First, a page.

LEED Rating System: LEED-NC


Date Completed: December, 2008

By choosing to reuse a significant portion of the existing building, selecting low flow water fixtures, specifying low emitting paints and materials, designing day-lit spaces, earning LEED certification, and educating staff and fellows about the sustainable operation of the building, the Radcliffe Institute has again demonstrated a commitment to green design and sustainability.

The 42,000 square foot Byerly Hall renovation includes offices, commons areas, and studios for the Fellows of the Radcliffe Institute for Advanced Study. This three-story building has undergone a complete renovation to accommodate the new requirements for the building use. The ground floor is open to include more public spaces including lounges and meeting rooms. Elevators and entry ramps were renovated to comply with code standards and allow for a more universally accessible facility.

This project marks the third major renovation undertaken by the Radcliffe Institute following the adoption of a master plan that incorporated new sustainability goals. The first renovation following the adoption of the plan, the Radcliffe Gymnasium, had many green features but did not pursue any green building certification. The second building renovation, Schlesinger Library, was completed in February of 2005 and achieved LEED certification. The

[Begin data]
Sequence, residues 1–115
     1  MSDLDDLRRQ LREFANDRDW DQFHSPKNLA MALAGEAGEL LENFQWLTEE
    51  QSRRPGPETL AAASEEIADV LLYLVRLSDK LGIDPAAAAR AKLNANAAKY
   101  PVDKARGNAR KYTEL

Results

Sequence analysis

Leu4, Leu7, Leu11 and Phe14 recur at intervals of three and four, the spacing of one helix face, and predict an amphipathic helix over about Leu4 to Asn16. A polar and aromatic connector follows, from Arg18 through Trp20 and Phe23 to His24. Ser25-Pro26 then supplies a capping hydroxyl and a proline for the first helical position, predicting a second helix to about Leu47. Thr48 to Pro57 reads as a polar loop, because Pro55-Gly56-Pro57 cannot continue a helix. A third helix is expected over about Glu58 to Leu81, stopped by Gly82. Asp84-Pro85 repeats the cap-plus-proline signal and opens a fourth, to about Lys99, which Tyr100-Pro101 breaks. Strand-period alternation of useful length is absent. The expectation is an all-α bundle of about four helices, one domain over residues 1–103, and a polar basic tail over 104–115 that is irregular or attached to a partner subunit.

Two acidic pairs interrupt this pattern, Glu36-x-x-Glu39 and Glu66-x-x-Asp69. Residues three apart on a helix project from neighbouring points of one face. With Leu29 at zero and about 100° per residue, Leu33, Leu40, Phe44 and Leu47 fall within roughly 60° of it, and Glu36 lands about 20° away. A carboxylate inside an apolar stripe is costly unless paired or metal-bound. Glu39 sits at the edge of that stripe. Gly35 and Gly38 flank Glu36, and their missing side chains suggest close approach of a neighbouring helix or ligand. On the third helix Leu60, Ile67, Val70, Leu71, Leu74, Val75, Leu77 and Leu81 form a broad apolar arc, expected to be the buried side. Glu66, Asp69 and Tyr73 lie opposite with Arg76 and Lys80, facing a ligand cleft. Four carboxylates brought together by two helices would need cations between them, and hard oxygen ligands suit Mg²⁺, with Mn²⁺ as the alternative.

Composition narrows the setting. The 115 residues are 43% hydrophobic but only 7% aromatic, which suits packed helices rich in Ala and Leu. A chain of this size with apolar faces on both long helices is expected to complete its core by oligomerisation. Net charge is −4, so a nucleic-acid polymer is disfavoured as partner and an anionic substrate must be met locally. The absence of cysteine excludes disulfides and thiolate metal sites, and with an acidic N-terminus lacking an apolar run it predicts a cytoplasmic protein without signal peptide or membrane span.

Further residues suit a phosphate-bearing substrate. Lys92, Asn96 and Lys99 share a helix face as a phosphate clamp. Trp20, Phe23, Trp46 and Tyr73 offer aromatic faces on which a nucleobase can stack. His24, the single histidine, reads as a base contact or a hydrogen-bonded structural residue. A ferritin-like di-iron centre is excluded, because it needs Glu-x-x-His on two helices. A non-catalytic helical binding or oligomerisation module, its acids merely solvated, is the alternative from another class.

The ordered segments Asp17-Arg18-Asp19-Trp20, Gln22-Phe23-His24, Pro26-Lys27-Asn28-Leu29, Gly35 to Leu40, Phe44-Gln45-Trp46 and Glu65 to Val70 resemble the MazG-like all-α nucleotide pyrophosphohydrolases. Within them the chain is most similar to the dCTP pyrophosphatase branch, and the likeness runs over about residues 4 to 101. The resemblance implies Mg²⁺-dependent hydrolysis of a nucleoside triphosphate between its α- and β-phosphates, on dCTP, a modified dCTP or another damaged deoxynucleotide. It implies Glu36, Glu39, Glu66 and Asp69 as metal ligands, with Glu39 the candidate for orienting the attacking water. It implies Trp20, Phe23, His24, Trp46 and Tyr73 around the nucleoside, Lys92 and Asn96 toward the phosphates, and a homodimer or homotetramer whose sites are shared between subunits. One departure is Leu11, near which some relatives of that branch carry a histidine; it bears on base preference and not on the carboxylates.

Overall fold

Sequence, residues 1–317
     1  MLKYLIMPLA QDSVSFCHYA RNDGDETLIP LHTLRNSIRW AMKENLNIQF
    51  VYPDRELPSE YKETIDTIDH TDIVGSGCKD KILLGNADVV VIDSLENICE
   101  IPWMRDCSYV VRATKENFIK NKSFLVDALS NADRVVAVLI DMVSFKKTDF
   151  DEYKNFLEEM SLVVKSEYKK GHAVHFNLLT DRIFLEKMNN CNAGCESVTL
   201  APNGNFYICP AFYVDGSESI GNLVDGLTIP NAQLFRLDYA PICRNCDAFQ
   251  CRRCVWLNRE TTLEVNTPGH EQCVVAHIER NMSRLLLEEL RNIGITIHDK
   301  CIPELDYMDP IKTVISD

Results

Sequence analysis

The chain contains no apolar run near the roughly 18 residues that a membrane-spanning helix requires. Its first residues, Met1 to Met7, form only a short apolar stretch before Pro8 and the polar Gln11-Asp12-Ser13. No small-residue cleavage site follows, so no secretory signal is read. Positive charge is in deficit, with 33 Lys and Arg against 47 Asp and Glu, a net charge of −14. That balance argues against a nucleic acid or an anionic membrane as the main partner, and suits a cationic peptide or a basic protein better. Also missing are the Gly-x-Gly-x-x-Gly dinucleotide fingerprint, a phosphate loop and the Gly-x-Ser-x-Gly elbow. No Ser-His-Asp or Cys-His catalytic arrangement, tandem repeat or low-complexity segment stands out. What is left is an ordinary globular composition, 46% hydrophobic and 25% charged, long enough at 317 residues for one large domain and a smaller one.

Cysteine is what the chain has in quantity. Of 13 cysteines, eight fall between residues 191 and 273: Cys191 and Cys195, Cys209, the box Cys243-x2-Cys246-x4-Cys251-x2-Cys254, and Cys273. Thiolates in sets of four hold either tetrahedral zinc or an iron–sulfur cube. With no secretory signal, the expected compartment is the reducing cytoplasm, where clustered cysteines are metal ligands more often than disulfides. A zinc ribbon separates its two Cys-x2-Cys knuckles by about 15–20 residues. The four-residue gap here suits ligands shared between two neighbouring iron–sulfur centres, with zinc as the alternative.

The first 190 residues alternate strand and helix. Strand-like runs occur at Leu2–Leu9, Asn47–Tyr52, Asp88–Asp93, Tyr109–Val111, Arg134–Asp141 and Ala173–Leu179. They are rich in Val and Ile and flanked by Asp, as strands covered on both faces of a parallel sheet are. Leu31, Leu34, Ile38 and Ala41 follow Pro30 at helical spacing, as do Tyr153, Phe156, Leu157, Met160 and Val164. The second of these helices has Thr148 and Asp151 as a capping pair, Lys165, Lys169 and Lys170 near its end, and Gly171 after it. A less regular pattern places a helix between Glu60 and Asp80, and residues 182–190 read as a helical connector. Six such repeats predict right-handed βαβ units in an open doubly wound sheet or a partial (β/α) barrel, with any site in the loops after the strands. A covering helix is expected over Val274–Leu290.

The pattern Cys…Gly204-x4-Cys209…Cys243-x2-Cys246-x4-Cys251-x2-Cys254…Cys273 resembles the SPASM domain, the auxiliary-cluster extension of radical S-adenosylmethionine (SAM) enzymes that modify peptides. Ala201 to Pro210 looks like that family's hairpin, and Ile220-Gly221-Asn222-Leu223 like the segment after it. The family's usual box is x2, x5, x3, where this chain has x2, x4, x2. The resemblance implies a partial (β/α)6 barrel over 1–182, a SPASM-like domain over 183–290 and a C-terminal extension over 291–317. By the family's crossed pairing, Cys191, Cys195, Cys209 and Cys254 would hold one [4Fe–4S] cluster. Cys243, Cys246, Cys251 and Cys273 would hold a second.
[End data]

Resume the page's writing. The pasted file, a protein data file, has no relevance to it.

renovation of Byerly Hall follows and improves upon the environmental achievements of these recent renovations.

The project used LEED for New Construction, version 2.2 to guide and certify green design elements. The Gold certification is a testament to the commitment of the Radcliffe Institute and the design team.

Project Highlights:

  • 44% Ground source heat pumps/geothermal are used, which is 44% more efficient than air-cooled pumps.
  • 85.8% diversion of construction waste away from landfills
  • 90% of the building is reused, keeping down costs and reducing environmental impact.
  • 40% water reduction with new dual-flush toilets, waterless urinals, and low flow showers and sinks.
  • A real-time utility display monitor in the lobby shows tenants how much energy and water the building is are using, in real time.

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